The idea was proffered that my escort was actually the painter of the smaller unframed painting and because she was "only a student" they could cut the price. I started to see the ploy, but I was saved simply because I really did not have the cash and I was not too confident using a credit card there in that small “shop”.
I was able to slip out with that distraction, but not without my escort following me. I said I needed to get something to eat, so I went out the way I'd come in and my escort followed me. I returned to the restaurants on the lower level under the Wangfujing bookstore that she had pointed out. I looked around to see what I might like, then saw the restroom sign and decided I needed to freshen up. I took my time and did not really concern myself whether or not my escort had seen where I went or would be waiting. When I exited, she was there waiting for me. She asked what I was going to eat, then switched to talking about that painting.
I really hated that she had to let me know I’d wasted her time by using the most popular American swear words. That sort of thing makes you question humanity. You see, now the next time a college or high school student (or appearing to be) speaks to me, wanting to practice English, I will be suspicious. I might even be rude and put him/her off, refusing a conversation, simply because this one person who had seemed friendly and polite, sincere in speaking English with me, was in the end just part of a sales team. I could forgive the sales pitch, but to end it all with the cursing…well, that was uncalled for! I had been polite and I had politely excused myself. She could have done the same, saying “Thanks for taking a look.” I might have returned later to buy a painting, who knows? But to suddenly let loose her full range of profanity was quite disappointing. If her English was good enough to carry on a decent conversation with me, I would think she could put it to better use than seducing middle-aged foreign men out of the Oriental Plaza food court off Wangfujing Avenue.
Finally I went into the Xinhua bookstore. On the first floor were maps so I got a new bilingual map of the city. My old map, which I had been using, did not have the newer subway stations marked on it. I also saw a fine selection of postcard packets so I got a few of them. Then I went upstairs to the English books. It was crowded on all the floors, given that it was Saturday, but I did not see much I had to have. My interest was in Chinese authors translated into English, so I could read their stories and learn about the Chinese condition (much like the human condition, which is what all fiction is ultimately about). I went to the other floors, as well, and discovered fewer books and more of other things like art supplies, musical instruments, and small appliances.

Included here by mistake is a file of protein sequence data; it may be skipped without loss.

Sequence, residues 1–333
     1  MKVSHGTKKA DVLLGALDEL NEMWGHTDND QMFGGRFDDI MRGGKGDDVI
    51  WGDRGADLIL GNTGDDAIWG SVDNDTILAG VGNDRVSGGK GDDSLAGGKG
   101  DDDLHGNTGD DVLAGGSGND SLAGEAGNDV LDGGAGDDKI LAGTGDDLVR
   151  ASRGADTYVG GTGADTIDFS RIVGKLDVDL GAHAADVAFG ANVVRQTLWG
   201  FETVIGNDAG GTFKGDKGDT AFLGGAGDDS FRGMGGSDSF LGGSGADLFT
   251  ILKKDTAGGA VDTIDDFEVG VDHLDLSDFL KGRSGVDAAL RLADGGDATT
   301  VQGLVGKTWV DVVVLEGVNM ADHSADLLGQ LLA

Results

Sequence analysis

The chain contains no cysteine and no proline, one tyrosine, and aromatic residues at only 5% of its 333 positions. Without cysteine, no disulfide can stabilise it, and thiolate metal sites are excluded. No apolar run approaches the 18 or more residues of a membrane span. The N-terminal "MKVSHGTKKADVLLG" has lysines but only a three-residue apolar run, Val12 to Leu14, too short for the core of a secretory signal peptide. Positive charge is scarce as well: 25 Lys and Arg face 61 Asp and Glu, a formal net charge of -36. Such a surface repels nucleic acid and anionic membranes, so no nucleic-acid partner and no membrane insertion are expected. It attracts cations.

I got a few small souvenirs on one floor. Outside, the sky was dark, threatening rain, but the streets were busy with pedestrians. Business was good. I walked up the street, the wide pedestrian mall, got a cold bottle of juice from one of the many street kiosks, then went into the Beijing Foreign Book Store. I did not take my time going to every floor, just went straight to the English books. I did find two paperbacks of Chinese authors in English to buy, one a translation and the other written in English. After that, I continued walking north through the crowds of pedestrians, stopping in a shop here or there to examine the souvenirs items they had.
Eventually, I thought I was far enough north that I determined it was closer to walk east to meet a subway station than to return south to the station I'd arrived at. However, except when I was sitting in the Pizza Hut, I had been standing or walking for a few hours already (even on the subway I stood), so my legs were tired. I headed east along the street which should take me to the subway station I was looking for, a connection to the line that would take me directly back without having to change subway lines. But it was not where I thought it was and I worried I had gone too far. (On the way, I passed a storefront and a man came out, calling to me, asking where I was from and if I liked Chinese calligraphy! I said I was in a hurry and could not take any time to go into his shop and look at the scrolls.)
Right where I happened to pause to check my map, I saw a McDonald’s on the corner so I went inside and got an iced latte and sat down to study the map better. Refreshed once more, I continued on and found the station. Once I got off at the subway stop nearest to my hotel, I climbed the many stairs to the surface and proceeded to walk the few blocks back to my hotel. On the way, I stopped at a convenience store to load up on drinks and at a “bakery” for a sandwich and a pastry for later.
After I returned to my neat little room, I unloaded my purchases and peeled off my sweaty clothes, took a shower, and lay on the bed for a nap. It was a good day, all in all. Later I got up and did some writing on my book, then went to sleep again. Life in a little hotel in Beijing.
Next time: The Adventure Begins!